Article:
"Resolve to succeed. The greatest discovery one can make is that nothing is impossible."


When I was 17 years-old, I was invited to play at the most competitive volleyball juniors league of South America in Rio di Janeiro, Brazil. It was during my last year of high school in Buenos Aires, Argentina, and accepting that offer meant not only move to another country with a different language and culture but also to quit school and having to take all 13 exams at the end of the school year to be able to graduate.

As weird as it may sound, my parents agreed to let me go do that experience and made me promise I would end up graduating from high school that same year.

Most of my teachers weren’t happy about my decision and several asked me to reconsider and even told me I had to choose between studying or practicing high-level, competitive sports, but I wasn’t listening much of their arguments as none of them had any clue of what it meant to be a student-athlete.

It was hard to imagine that the decision ended up being the first step towards a life of adventures and great opportunities around the world.

In many parts of the globe, being an athlete is thought to be detrimental to the life of the student and cannot be conceived that a young man or woman may be able to excel in both, sports and academics. The reality, on the other hand, has proven that many of the most successful students are also competitive athletes and this happens at all levels of education, from elementary school to college.

Nowadays, my job takes me hand to hand into the life of young people finishing their time as student-athletes and getting into the world of job searching and resume writing.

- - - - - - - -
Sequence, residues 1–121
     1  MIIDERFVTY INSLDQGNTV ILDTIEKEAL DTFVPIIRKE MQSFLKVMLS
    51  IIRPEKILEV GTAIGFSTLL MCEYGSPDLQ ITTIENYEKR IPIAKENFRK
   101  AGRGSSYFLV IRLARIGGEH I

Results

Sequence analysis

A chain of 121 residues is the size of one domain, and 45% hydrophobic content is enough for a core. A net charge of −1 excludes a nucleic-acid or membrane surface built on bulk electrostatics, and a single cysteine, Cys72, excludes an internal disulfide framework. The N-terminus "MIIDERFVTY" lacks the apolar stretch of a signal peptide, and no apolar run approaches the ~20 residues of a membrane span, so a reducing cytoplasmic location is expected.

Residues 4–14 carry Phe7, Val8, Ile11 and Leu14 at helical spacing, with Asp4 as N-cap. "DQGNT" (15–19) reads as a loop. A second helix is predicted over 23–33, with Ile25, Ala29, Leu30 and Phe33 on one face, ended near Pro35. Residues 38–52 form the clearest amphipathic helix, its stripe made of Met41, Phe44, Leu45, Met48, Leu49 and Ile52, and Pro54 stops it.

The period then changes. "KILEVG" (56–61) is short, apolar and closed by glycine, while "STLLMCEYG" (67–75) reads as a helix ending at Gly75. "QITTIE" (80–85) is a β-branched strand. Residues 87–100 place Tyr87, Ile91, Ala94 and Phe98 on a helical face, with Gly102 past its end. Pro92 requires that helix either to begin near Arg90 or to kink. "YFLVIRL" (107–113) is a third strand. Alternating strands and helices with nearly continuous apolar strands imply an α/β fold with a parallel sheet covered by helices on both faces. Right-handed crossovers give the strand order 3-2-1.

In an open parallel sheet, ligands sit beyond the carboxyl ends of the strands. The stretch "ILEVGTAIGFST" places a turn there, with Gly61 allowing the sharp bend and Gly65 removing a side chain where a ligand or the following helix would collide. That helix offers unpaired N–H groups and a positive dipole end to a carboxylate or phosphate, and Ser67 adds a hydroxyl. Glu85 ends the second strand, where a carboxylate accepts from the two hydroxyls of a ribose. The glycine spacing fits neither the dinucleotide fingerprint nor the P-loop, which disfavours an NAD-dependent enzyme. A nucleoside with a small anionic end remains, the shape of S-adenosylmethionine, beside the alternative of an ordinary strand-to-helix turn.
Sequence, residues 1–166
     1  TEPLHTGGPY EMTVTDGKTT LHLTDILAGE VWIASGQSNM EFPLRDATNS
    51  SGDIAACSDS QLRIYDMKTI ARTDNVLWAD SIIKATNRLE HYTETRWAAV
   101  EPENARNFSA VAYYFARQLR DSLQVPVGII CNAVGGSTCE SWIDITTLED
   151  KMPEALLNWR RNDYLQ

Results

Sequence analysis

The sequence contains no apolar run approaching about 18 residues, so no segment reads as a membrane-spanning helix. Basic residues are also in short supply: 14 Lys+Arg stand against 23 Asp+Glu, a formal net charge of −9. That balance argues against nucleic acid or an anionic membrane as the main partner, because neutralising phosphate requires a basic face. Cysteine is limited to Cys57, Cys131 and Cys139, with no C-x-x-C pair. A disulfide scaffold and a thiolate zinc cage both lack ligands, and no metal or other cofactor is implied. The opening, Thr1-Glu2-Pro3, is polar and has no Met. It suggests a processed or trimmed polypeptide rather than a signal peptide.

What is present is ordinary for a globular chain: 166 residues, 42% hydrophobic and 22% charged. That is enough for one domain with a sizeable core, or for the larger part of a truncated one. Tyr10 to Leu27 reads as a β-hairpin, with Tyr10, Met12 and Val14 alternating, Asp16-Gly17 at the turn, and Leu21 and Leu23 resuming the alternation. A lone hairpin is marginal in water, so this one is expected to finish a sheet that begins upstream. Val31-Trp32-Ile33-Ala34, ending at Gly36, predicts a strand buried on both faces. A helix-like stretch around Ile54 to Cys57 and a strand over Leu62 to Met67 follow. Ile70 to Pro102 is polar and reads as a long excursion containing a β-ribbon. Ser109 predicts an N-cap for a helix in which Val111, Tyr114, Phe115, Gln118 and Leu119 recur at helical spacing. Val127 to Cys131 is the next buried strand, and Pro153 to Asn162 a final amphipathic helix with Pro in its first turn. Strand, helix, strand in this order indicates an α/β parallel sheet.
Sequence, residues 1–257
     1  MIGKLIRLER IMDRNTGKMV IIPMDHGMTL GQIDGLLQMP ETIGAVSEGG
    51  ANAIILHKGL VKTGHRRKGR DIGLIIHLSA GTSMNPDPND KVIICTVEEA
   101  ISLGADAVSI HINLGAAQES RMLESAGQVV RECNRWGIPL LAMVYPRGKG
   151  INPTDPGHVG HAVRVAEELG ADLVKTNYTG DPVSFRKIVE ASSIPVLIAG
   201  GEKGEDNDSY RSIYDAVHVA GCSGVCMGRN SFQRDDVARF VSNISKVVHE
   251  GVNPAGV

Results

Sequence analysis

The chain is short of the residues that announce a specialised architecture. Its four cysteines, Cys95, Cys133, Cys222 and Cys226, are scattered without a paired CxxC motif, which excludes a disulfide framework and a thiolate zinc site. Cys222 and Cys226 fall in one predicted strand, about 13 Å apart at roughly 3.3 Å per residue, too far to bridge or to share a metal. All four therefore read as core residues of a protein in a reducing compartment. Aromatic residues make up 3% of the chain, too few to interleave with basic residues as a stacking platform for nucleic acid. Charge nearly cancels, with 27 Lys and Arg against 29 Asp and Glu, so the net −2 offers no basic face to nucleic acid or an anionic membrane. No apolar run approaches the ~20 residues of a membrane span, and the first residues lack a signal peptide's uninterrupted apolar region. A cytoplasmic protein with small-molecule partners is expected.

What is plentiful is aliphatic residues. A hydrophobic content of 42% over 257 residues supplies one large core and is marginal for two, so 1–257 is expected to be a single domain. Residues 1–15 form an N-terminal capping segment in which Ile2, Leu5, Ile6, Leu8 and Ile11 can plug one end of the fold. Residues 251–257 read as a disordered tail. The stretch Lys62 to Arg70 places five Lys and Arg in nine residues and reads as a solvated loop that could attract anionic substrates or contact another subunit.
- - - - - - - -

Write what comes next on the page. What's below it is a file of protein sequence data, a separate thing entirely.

About 15 years ago I wrote my first resume and since then I started to appreciate the fact that in many places of the global world, the experience of the student-athlete is recognized as added value to head hunters.

The fact that student-athletes have to deal with organizing their schedules for lessons, practices, traveling, personal life and, in many cases, work, is seen as an extraordinary skill that will allow the new and young worker get adapted faster to the working and continuously changing environment.

Not only, but also head hunters look at team players and leadership roles and without a doubt athletes can be proud of having experience, sometimes for many years, in positions within their teams that will put their resumes at the top of the pile on the desk of anyone looking to add a new employee.

If you are reading this blog and feel overwhelmed about your life as a student-athlete or see your kid having trouble dealing with sport and school, know that is all worth it and most of the difficult times will pass to lead the way for a life of great success.

Publishing date
2 years 8 months ago

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